DATE: 14 June 2004
NUMSA PRESS RELEASE – FOR IMMEDIATE RELEASE
NUMSA AND ISCOR TO MEET IN CRUCIAL WAGE TALKS ON MONDAY.
The National Union of Metalworkers of South Africa (NUMSA) and the steel giant ISCOR will resume crucial wage talks on Monday 14/06/2004. The wage negotiations between the two parties will determine the wage increases for all production workers this year. Total employment stand at 12 000 from 44 000 in the 80’s. The union is demanding CPIX plus 11 % improvement factor across the board (ATB).
It is likely that the talks will be difficult taking into account that the company want to minimize labour costs and maximize profits for shareholders. The company has already frustrated and demoralized workers with all the retrenchments and the news that LNM will increase its stake to above 50%. The Competitions Tribunal has now freed LNM and ISCOR to do their own thing and continue to butcher workers as they like. Many workers do not see a great future with the company. Employment in the company is shrinking and remains highly precarious. We only hope that the company would not violate the spirit of the collective bargaining by refusing to give an increase that will be fair as to cushion for the effects poverty and unemployment.
The response of the employers in the past has not been dignified and rational which precipitated a number of industrial action. NUMSA believe that the current demand of CPIX plus 11% on ATB is scientific and it falls within the required economic explanation. The company has been more reticent on giving workers improved wages. There is no justification for a low base percent offer in the mist of difficult economic conditions. The spending pattern of workers in the steel company has increased six times in the last two years above yearly inflation rates. This has constrained wages and undermined the social wage.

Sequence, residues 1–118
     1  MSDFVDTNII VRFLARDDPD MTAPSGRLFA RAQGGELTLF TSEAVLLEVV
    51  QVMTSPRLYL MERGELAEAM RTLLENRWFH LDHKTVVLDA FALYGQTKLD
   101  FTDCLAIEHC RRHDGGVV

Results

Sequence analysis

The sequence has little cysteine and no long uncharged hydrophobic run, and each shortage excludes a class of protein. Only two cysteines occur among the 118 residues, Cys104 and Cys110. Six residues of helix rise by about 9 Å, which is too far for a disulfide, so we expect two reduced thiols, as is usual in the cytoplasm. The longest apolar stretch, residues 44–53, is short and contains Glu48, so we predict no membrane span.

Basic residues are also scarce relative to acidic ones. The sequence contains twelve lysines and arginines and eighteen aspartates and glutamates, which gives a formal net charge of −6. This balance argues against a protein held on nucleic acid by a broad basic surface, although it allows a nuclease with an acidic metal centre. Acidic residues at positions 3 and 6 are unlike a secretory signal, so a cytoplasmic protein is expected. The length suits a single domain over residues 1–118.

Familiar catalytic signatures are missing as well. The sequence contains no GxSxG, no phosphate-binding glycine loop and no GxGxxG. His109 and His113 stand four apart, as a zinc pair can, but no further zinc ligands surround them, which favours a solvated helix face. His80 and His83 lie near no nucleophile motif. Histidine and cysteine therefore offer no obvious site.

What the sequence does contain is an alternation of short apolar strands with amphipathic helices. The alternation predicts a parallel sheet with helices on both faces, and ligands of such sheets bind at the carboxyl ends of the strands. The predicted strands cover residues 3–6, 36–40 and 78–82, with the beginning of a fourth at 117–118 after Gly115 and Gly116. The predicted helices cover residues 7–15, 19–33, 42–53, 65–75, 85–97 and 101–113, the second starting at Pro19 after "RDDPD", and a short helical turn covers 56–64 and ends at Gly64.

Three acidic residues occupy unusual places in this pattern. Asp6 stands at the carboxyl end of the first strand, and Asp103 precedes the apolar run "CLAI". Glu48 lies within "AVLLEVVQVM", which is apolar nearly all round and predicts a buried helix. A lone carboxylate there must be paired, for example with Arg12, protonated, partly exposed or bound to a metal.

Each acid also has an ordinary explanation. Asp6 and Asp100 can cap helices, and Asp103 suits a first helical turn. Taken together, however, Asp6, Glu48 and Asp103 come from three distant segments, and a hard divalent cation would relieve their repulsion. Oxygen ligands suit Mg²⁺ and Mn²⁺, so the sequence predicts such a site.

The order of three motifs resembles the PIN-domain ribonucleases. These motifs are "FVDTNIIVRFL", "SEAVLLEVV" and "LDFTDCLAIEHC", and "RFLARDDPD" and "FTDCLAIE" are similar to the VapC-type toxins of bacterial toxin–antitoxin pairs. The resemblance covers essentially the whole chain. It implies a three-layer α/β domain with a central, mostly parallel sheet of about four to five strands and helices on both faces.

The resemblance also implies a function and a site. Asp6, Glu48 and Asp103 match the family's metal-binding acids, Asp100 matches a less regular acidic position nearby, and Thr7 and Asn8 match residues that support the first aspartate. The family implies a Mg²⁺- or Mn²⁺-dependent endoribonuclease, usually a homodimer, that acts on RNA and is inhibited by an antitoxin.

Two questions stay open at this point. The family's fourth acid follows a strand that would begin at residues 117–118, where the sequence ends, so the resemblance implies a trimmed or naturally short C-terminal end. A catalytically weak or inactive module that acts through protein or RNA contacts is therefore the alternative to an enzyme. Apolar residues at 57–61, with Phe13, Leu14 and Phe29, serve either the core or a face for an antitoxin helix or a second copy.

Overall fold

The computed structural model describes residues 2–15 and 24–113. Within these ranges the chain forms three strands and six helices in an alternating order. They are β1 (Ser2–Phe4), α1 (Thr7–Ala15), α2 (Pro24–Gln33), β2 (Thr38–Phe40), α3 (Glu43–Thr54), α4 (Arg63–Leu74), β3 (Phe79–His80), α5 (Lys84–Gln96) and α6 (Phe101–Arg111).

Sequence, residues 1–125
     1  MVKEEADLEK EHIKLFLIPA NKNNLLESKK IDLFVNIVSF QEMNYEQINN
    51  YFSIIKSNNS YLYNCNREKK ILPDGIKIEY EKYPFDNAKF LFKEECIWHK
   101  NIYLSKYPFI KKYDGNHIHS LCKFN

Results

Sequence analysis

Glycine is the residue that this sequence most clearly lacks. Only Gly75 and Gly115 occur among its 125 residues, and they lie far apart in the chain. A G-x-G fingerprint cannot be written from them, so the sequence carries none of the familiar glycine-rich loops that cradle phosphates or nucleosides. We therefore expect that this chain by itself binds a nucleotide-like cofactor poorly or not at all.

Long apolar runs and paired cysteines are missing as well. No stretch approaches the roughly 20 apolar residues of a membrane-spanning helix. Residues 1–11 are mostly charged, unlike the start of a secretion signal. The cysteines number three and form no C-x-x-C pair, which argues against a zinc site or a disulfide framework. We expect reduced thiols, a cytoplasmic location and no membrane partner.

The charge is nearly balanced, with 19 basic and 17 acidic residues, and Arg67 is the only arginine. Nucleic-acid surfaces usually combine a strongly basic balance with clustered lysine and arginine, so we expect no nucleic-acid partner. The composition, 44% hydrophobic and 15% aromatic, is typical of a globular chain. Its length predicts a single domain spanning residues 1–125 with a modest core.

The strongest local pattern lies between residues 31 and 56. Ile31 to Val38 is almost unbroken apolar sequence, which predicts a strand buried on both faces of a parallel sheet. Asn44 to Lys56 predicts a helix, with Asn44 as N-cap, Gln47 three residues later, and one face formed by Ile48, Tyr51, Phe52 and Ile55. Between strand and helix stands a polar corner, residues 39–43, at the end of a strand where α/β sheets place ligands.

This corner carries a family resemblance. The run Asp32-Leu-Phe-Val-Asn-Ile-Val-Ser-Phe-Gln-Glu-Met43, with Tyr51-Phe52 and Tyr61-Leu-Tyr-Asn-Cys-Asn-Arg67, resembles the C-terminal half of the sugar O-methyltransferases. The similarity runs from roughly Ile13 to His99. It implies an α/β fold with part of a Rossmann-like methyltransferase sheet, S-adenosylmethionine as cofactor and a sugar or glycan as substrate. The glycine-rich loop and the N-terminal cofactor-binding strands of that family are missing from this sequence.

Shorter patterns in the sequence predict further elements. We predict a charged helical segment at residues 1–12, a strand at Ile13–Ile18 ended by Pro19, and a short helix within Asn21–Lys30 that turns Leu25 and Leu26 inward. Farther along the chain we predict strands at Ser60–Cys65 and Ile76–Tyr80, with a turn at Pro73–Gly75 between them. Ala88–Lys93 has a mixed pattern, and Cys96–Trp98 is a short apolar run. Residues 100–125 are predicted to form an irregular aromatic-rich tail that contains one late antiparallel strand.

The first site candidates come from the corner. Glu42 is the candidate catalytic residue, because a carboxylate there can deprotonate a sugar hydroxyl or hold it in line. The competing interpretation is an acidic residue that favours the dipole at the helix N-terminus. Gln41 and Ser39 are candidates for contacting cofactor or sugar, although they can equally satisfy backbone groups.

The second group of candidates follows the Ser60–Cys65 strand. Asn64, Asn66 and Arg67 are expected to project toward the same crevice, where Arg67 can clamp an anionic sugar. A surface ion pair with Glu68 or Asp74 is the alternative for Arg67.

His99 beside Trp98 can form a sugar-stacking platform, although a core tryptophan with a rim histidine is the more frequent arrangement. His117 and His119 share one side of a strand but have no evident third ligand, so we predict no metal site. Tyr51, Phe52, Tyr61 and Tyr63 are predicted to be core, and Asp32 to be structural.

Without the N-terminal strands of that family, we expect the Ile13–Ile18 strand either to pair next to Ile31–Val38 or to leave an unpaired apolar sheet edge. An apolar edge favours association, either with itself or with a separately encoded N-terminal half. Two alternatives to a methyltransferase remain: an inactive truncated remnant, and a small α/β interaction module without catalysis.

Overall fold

The increase in the prices of commodities has not been consistent with wage improvements. Many workers remain cash strapped and there is no upward mobility in their economic lives as a result of anomalies in pay. By and large, workers remain in the same circle of poverty. The wages in the company have not been broad-based to accelerate the closing of the wage differentials and addressing economic difficulties. We trust and hope that sanity will prevail on the part of the company to meet all the only wage demand. We also hope that the company will change its imperious approach to collective bargaining.
For more information contact Dumisa Ntuli @ 689-1700 or cell 0829737282